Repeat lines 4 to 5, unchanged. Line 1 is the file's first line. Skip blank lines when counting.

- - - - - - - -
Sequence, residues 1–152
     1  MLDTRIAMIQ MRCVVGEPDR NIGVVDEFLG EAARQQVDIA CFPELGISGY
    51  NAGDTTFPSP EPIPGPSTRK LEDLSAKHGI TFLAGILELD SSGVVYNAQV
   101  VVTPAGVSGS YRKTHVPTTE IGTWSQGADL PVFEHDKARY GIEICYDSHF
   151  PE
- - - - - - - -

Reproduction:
   101  VVTPAGVSGS YRKTHVPTTE IGTWSQGADL PVFEHDKARY GIEICYDSHF
   151  PE